Recovering Hope, Poetry and Connection in Health Care

Center for Courage & Renewal

This concept of holding tension between opposites, rather than trying to have one opposite (e.g., hope) overpower the other opposite (e.g., despair) allows for a complex and systemic approach to complex and systemic problems. The idea of tension being life-giving rather than something to get rid of reminds me of Swiss psychiatrist Carl Jung's approach to the problem of opposites, that there is a “unifying third” that unites the opposites into a higher order of meaning.

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Do We Have to Choose Between Quality and Compassion?

Creating Human Work Environments

There are many trends in health care these days, two of which focus on quality and compassion within the system. One can even speak of a Quality Revolution, given the strong emphasis this concept is currently receiving. Quality focuses on issues such as efficiency, safety, evidence-based medicine, decreasing treatment variability, and cost-containment. Quality is a growing focus in both the UK and the US.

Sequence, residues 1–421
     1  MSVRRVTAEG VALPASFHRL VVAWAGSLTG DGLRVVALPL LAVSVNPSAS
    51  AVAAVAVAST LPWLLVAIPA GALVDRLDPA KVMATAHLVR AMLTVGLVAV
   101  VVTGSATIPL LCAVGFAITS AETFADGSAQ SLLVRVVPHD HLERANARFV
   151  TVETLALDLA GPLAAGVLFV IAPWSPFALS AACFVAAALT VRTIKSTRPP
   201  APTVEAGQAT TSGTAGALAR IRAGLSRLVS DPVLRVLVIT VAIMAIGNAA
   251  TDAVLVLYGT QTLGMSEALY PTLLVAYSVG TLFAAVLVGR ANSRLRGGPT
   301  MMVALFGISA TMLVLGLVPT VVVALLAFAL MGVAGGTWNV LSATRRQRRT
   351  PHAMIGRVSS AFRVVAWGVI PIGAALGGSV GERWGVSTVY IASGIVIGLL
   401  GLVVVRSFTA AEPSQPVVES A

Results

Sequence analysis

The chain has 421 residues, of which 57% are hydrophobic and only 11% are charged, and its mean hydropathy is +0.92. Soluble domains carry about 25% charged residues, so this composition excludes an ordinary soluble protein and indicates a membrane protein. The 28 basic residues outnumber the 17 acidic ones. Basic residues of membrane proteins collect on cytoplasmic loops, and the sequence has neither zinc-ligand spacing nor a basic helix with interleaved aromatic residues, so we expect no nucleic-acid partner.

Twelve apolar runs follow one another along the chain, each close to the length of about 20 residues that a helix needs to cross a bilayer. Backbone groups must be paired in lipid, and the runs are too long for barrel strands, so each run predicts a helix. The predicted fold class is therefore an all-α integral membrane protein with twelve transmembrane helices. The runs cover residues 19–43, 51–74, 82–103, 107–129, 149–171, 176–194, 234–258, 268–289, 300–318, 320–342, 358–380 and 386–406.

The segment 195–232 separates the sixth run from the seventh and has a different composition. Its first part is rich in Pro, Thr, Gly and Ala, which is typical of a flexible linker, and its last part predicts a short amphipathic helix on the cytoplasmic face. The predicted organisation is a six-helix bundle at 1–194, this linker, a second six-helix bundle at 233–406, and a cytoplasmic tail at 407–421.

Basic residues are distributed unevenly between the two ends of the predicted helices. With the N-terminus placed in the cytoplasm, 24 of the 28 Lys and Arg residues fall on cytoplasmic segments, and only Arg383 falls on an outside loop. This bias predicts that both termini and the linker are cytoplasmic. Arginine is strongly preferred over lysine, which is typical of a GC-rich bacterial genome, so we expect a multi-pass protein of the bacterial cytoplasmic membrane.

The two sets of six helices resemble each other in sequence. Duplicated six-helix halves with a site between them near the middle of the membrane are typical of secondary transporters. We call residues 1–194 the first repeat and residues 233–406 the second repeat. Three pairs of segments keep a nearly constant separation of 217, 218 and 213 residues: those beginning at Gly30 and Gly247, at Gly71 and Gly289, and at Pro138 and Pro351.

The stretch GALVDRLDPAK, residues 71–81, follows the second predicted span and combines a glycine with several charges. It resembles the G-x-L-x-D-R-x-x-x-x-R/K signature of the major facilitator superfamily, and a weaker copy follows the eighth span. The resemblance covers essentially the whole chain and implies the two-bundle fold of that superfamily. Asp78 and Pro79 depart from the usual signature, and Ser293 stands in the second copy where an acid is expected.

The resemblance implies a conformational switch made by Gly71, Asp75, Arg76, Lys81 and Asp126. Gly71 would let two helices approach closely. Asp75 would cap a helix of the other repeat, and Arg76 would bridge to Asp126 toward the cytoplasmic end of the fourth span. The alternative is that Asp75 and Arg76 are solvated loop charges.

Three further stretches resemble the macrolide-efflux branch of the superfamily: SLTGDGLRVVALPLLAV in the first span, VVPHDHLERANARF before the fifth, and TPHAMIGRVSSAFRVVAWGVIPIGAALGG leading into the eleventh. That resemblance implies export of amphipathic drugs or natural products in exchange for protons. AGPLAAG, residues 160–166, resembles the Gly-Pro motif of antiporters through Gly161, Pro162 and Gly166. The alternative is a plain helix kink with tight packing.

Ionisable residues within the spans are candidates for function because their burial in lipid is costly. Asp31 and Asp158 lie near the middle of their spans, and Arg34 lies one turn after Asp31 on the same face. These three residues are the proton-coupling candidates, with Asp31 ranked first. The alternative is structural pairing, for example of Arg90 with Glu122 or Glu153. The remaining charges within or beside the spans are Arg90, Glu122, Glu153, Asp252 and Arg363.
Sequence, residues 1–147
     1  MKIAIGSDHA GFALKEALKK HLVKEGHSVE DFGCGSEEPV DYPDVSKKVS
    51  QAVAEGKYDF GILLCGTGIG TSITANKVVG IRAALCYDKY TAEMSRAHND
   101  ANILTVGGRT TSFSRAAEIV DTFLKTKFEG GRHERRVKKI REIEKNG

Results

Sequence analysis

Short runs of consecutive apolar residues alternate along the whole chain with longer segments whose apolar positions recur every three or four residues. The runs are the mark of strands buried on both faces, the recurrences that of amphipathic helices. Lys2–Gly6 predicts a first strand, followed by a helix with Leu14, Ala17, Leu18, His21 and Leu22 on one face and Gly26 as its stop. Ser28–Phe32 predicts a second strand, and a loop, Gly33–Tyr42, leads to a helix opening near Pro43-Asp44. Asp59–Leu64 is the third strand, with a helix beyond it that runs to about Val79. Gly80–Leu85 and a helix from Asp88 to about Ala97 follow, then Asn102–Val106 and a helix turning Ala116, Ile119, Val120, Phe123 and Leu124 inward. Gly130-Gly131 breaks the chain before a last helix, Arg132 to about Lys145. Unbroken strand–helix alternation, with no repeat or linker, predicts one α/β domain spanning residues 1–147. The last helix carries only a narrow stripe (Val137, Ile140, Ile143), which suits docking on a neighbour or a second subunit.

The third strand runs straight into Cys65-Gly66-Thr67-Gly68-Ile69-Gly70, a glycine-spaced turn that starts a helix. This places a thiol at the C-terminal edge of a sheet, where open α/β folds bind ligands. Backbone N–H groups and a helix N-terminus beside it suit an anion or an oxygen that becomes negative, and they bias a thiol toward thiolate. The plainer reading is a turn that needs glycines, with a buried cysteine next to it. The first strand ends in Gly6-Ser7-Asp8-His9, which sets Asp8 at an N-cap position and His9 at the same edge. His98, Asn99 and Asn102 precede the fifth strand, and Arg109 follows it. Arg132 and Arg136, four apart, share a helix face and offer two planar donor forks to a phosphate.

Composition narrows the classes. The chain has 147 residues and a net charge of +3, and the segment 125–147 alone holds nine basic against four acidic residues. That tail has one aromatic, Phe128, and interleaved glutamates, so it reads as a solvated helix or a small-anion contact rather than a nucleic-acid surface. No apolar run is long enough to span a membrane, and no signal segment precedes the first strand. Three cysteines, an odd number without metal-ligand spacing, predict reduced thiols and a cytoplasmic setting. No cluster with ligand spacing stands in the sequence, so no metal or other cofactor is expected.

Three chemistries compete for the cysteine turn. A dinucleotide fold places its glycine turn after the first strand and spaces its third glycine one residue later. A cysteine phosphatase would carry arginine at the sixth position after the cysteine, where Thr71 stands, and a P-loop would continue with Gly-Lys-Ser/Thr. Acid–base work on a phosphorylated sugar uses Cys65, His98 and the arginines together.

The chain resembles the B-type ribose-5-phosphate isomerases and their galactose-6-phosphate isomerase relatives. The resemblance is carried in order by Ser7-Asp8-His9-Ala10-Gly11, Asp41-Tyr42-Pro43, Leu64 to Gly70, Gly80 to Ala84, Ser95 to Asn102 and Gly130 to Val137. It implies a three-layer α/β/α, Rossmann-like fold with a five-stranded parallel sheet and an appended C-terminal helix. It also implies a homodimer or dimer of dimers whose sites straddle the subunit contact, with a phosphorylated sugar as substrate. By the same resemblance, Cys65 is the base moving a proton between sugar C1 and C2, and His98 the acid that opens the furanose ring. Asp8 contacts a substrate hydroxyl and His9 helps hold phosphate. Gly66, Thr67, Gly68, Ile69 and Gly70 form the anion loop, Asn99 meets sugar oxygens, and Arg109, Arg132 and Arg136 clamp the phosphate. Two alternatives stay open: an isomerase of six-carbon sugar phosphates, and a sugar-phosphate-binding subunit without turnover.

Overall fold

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David KopaczArticles
Learning To Save the Self


This article is an expanded version of the presentation “Learning to Save the Self: Samuel Shem’s Portrayal of Trauma and Medical Education” which was given at the annual meeting of the International Society for Traumatic Stress Studies, Washington D.C, November, 1998. It examines the defense patterns that are typical of exposure to trauma that lead to dehumanization of the self of both the doctor and the patient. It also looks at Shem’s prescription for saving the self through preserving humanity and human connection. 

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David Kopacz